Established in 1963, Dutch Lady Milk Industries Berhad manufactures and distributes dairy products, namely milk powder, liquid milk, and yogurts. It is the leading dairy company in Malaysia with 150 years of Dutch dairy heritage.
Their products are available almost anywhere across cities and towns in Malaysia. This reflects their wide distribution network across the country. Milk has always been positioned by the company to solve the dual burdens facing children in Malaysia – obesity and stunting. Malaysia also has a relatively low rate of milk consumption compared to the rest of the world.
Here are six things I learned from the 2021 Dutch Lady Milk Industries AGM:
1. Revenue grew 3.2% year-on-year to RM1.1 billion in 2020 due to increased in-home consumption of liquid milk and growing-up milk powder among Malaysian households. Over the same period, Dutch Lady registered a 6.2% year-on-year growth in its sales volume. Likewise, its dairy market share in Malaysia has inched up from 19.9% in 2019 to 20.9% in 2020.
2. On the other hand, net profit excluding non-operating income declined 33.3% year-on-year to RM66.2 million in 2020. As pointed out by a shareholder, its net profit in 2020 was in fact at a five-year low. Gupta attributed the decline to increasing dairy raw materials prices and a weakening ringgit against the United States dollar over the years. Approximately 70% of the raw material prices were hedged in 2020.
The company also had lower sales from the food service sector in 2020 amid the pandemic as the sector continued to be affected by various dine-in restrictions. The company spent more on COVID-19-related expenses such as sanitisation fees and additional distribution expenses as the global and local supply chain was disrupted during the year.
3. Dutch Lady’s products belong mostly to the mainstream or mass-market segment. Managing director Tarang Gupta said the company prioritises its purpose to ‘nourish the nation’ while remaining light on customers’ wallets. In my opinion, it may not be up to the company to easily adjust prices. The dairy business is notorious for price sensitivities unless you own a premium brand.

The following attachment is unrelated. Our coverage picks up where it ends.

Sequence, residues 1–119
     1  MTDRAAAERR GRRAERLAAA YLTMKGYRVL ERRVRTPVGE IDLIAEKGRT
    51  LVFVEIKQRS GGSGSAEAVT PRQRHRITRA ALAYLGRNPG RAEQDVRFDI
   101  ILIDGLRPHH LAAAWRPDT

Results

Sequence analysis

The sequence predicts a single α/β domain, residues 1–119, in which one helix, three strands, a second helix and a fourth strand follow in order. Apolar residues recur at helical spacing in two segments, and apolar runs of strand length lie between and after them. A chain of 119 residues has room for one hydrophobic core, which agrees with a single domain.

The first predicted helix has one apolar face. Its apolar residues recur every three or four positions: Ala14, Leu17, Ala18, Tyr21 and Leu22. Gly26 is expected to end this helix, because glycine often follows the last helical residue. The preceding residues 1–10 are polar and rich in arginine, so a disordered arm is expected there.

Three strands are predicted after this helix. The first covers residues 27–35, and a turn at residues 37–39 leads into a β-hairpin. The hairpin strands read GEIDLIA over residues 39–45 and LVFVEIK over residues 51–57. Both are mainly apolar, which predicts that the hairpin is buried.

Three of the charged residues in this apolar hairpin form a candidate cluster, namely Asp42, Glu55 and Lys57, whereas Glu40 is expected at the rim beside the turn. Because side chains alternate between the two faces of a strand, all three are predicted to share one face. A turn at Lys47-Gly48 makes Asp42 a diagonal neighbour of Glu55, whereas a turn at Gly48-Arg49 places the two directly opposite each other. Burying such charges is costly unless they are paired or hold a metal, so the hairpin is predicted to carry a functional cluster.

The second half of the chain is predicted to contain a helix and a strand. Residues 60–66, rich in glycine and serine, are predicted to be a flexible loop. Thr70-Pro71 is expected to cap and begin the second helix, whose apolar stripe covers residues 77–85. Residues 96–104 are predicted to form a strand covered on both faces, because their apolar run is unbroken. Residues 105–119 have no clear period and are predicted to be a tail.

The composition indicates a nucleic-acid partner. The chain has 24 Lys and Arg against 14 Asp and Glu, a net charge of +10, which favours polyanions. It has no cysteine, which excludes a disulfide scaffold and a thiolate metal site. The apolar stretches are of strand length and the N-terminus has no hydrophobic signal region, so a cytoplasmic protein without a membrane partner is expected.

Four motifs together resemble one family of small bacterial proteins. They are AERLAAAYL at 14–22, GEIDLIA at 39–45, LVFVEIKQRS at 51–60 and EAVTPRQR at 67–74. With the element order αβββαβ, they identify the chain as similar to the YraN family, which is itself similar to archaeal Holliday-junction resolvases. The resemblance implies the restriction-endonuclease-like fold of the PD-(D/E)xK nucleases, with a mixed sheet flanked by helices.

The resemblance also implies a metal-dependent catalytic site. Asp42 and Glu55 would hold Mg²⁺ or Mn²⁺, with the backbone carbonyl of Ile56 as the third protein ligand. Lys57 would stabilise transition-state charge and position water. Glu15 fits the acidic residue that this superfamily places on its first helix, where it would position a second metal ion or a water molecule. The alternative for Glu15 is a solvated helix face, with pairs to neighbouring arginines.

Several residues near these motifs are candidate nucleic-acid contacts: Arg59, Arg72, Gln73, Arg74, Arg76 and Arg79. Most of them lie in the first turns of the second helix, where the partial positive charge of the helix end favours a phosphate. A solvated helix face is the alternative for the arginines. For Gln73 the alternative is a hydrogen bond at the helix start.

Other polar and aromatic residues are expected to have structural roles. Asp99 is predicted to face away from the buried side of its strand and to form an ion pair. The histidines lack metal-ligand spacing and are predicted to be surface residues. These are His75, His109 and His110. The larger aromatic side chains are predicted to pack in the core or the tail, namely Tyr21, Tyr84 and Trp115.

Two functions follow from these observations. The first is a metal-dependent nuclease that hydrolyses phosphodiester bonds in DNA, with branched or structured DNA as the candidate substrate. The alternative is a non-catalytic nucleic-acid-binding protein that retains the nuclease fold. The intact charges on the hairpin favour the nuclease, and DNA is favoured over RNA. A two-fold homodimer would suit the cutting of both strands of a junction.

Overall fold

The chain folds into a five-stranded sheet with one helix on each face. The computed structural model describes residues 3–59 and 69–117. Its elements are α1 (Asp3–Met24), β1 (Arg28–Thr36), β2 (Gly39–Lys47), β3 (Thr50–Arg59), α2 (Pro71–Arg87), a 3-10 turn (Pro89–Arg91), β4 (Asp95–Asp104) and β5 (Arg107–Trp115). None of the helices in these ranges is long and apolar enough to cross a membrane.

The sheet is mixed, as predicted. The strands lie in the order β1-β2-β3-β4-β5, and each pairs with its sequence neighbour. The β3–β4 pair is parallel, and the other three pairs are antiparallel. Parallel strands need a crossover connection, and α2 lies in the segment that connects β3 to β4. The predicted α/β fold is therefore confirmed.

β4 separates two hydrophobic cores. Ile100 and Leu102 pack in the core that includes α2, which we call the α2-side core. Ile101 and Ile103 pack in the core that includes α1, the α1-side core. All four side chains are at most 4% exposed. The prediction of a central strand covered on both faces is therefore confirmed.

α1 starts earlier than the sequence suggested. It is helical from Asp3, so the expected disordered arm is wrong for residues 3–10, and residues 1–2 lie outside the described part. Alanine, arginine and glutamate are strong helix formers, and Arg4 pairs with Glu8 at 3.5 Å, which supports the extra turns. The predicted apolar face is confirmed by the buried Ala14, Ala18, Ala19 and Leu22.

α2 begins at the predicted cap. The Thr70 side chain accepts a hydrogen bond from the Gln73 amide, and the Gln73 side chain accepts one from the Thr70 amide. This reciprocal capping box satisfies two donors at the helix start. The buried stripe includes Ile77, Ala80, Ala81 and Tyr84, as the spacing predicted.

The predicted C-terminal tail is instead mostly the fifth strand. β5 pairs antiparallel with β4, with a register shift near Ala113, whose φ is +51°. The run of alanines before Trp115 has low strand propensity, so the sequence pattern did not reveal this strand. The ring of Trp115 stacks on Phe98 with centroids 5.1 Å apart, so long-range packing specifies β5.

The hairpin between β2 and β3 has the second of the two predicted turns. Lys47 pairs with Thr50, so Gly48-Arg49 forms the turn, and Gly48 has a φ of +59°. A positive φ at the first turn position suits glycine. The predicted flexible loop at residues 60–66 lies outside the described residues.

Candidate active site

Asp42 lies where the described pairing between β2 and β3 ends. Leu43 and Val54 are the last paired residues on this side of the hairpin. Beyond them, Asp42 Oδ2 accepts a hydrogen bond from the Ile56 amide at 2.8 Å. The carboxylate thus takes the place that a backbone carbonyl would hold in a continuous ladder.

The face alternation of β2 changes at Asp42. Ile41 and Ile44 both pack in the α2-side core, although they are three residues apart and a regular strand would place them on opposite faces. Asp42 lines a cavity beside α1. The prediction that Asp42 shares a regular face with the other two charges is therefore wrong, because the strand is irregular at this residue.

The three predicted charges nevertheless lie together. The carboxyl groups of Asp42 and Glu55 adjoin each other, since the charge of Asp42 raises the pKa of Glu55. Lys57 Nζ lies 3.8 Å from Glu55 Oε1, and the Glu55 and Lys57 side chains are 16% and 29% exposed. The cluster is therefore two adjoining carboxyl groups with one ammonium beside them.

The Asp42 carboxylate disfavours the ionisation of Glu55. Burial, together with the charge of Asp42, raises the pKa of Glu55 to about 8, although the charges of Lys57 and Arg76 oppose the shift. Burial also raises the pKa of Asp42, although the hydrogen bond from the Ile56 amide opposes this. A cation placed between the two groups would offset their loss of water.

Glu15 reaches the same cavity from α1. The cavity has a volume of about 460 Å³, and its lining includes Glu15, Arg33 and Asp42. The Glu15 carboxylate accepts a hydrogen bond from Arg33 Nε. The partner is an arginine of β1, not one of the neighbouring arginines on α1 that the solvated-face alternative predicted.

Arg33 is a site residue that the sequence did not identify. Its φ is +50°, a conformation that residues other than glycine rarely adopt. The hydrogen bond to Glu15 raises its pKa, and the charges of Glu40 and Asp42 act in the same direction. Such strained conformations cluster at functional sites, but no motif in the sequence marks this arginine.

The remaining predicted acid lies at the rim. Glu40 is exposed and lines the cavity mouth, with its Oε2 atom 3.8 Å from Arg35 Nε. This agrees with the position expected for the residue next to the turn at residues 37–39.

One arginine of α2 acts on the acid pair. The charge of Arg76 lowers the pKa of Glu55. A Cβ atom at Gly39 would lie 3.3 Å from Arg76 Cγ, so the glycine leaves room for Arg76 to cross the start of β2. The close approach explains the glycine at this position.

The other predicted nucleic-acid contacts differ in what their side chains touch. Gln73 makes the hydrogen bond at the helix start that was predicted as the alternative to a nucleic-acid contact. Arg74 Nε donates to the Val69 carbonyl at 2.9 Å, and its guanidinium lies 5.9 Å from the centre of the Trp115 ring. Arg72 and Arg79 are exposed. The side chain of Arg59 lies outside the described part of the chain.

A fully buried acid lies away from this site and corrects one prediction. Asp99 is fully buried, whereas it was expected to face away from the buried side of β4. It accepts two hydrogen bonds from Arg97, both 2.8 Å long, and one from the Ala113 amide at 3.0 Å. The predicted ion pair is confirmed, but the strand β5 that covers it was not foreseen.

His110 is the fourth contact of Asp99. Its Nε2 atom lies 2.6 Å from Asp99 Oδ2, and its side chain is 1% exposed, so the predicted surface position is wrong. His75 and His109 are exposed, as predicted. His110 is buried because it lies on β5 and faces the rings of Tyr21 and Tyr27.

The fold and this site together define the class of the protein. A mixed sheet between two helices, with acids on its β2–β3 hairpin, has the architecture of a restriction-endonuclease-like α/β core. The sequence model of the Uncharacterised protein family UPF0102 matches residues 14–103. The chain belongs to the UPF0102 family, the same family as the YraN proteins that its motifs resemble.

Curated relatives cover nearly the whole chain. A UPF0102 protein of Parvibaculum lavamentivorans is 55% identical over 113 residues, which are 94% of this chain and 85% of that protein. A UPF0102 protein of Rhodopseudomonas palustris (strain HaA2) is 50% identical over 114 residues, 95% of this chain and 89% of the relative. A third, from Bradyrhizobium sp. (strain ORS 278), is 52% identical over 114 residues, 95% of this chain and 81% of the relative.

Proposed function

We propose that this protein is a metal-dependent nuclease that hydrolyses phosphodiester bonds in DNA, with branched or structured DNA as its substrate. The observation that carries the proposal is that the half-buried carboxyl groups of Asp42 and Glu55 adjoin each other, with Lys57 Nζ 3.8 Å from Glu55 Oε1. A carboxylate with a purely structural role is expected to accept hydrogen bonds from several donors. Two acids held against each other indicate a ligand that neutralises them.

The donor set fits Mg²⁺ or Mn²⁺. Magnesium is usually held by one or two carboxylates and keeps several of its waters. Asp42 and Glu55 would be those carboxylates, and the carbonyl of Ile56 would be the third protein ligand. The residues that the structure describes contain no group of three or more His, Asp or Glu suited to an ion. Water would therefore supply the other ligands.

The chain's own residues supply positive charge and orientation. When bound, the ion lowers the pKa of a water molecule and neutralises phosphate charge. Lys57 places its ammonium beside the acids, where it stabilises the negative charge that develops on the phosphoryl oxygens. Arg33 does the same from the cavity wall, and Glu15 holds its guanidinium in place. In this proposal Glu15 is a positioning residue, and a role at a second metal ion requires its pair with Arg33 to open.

Dutch Lady is focused on growing its market share for now and will not rule out any price adjustments in the future. The company has also embarked on a community program to source more milk locally and thus reduce foreign exchange rate risk whilst also helping local farmers increase milk supply.
4. Dutch Lady is banking on the food service sector to grow, which was left out in the past. It will cater to the ‘horeca’ (hotels, restaurants, and cafes) channel as well as quick-service restaurants with its current and new products. It will also consider importing Debic cream and butter from its parent company to sell to bakeries locally in the future.
5. As brought up by the Minority Shareholder Watch Group, Dutch Lady’s gross profit margin dropped from 37.9% in 2019 to 32.4% in 2020. In Q4 2020, the company released baby formula Dutch Lady MaxGro. The premium product is expected to bring in more market share for the company and help boost margins.
6. The company will invest about RM400 million in the coming years on its new plant in Bandar Enstek, Negeri Sembilan via internal funds or borrowings from the parent company. The current factory that is located in Petaling Jaya, Selangor has aged and has little room to meet its future expansion and carbon reduction targets. The new plant is expected to improve its manufacturing efficiency by bringing down the costs. It will also double the manufacturing capacity and be in full operation by 2024. The construction is progressing as planned. Piling is expected to start in Q3 2021.
The fifth perspective
The management expects global dairy prices to trend higher in 2021. In Q1 2021, gross profit margin shrank from 34.9% in Q1 2020 to 33.6% in Q1 2021, while net profit decreased 27.2% over the same period. The company’s financial performance will likely remain lacklustre in the near term. Fluctuations in dairy raw material prices and the depreciation of the ringgit are two of the concerns long term investors should be aware of.
Liked our analysis of this AGM? Click here to view a complete list of AGMs we’ve attended »
Looks like the MD lost his job after the above AGM. He attributes the massive drop in profit margin to rise in raw materials and unfavourable exchange rate. However, looking at the global price of milk, I don’t see an adverse pattern. The price has fluctuated around US 14 per ounce. The RM/USD rate, too, did not change much in 2020. Hopefully the new chairperson and MD, both ladies, would reverse Dutch Lady’s fortune.
Thanks for the comment. Like what you pointed out, the raw milk powder price remained elevated while RM was still weak against the USD in 2020. The former MD, Tarang Gupta was actually transferred internally to lead another coy within the group in the Philippines. Internal transfer is quite common for this company though.